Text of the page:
3. Amount of the Non-Financial Bonus
RePipe also argues that the evidence is legally and factually insufficient to support the amount of the damages awarded for its failure to pay Turpin the 2003 non-financial bonus. A corporate bonus form generated by rePipe shows that Turpin earned 85% of the “target” non-financial bonus amount of $19,153, or $16,280.05. Because this is some evidence to support the jury's award of $16,976.92, the evidence supporting the award is legally sufficient; however, there is no evidence in the record that the amount of Turpin's 2003 non-financial bonus exceeded $16,280.05.9
On this record, we conclude the evidence is factually sufficient to support only part of the jury's finding. The evidence that Turpin was owed a non-financial bonus in the amount of $16,280.05 is legally and factually sufficient to support this portion of the award, but it is factually insufficient to support the larger amount found by the jury. We therefore sustain rePipe's third issue in part and suggest that Turpin remit $696.87 of the bonus award.
D. Attorneys' Fees
In its final issue, rePipe argues that Turpin is not entitled to recover attorneys' fees because he is not entitled to prevail on his contract claims. In the event of a partial reversal, however, rePipe asks us to vacate the award of appellate attorneys' fees and remand for a reassessment of those fees. See Bossier Chrysler-Dodge II, Inc. v. Rauschenberg, 238 S.W.3d 376, 376 (Tex.2007) (per curiam) (if damages are reduced, attorneys' fees should ordinarily be retried unless appellate court is “reasonably certain that the jury was not significantly influenced by the erroneous [damage award]” (quoting Barker v. Eckman, 213 S.W.3d 306, 314 (Tex.2006))).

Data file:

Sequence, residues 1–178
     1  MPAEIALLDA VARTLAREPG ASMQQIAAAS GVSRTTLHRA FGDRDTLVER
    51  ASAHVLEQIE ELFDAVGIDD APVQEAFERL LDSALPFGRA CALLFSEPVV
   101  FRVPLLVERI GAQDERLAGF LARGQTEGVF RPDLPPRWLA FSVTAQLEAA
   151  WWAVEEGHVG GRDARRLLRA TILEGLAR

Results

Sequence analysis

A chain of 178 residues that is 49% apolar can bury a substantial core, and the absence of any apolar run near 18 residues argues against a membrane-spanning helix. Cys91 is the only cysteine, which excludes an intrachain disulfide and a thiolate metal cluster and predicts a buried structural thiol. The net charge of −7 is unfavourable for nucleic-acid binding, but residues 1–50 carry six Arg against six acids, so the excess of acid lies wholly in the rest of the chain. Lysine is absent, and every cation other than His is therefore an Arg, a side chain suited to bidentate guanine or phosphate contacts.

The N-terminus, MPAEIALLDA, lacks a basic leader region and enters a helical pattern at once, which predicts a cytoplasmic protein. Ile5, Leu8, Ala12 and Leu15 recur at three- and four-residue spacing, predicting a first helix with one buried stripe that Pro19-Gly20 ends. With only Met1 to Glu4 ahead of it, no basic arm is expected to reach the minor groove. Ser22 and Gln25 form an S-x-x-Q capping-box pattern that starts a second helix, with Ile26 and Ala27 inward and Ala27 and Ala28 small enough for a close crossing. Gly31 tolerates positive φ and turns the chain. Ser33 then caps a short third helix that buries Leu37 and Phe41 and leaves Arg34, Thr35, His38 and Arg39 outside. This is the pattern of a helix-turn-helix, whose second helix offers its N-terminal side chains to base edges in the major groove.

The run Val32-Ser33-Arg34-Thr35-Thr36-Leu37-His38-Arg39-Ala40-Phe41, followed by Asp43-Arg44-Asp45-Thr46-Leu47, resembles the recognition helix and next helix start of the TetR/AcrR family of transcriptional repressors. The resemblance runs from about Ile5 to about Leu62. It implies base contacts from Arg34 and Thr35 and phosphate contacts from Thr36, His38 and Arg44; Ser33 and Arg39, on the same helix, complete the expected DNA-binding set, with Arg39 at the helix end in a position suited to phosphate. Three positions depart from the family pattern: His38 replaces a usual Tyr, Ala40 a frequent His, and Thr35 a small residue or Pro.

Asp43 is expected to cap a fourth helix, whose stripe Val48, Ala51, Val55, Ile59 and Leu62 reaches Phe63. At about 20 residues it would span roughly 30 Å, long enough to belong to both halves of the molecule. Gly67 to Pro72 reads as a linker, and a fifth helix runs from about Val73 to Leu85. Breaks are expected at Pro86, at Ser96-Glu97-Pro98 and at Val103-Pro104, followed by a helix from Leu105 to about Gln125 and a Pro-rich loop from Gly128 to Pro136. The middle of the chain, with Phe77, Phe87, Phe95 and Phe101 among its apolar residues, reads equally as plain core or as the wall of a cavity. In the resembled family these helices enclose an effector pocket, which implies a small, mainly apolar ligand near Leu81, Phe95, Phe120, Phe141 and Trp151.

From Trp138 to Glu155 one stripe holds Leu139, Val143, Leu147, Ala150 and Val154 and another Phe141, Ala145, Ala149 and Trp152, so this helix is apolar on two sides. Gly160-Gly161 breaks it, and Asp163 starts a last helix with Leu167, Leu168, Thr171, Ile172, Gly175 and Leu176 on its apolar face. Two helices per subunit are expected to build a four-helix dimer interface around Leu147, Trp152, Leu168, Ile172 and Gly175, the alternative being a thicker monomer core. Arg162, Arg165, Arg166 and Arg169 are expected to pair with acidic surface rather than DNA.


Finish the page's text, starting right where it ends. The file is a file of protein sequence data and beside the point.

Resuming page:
We sustain this issue. Because we cannot be reasonably certain that the jury was not significantly influenced by the erroneous damage amounts it considered, we reverse the award of trial and appellate attorneys' fees and remand the case for a new trial of these issues. See Young v. Qualls, 223 S.W.3d 312, 313 (Tex.2007) (per curiam) (remanding case for retrial of the attorneys' fees issues after party timely filed the suggested remittitur).
We hold that the evidence is legally and factually sufficient to support the portion of the judgment addressing liability. Although the evidence is legally sufficient to support an award of damages and factually sufficient to support part of the amount awarded, it is factually insufficient to support the total damages awarded. Pursuant to Texas Rule of Appellate Procedure 46.3, we suggest a remittitur of $50,057.73, representing reductions of $49,360.86 from the compensation award and $696.87 from the non-financial bonus award. If Turpin files a remittitur within twenty-one days from the date of this opinion, we will modify the trial court's judgment to reflect the award of $244,666.75 in compensatory damages, affirm that portion of the judgment as modified, reverse the portion of the judgment awarding attorneys' fees, and remand the case for retrial of that issue. In the event a remittitur is not timely filed, we will reverse the judgment and remand the case for a new trial.
On July 29, 2008, we issued our original opinion in this case, suggesting a remittitur of $50,057.73 from the Final Judgment issued by the trial court. We further provided that if such remittitur was filed within twenty-one days from the date of our opinion, we would modify the trial court's judgment to reflect the award of $244,666.75 in compensatory damages, affirm that portion of the judgment as modified, reverse the portion of the judgment awarding attorneys' fees, and remand the case for retrial solely on the issue of attorneys' fees.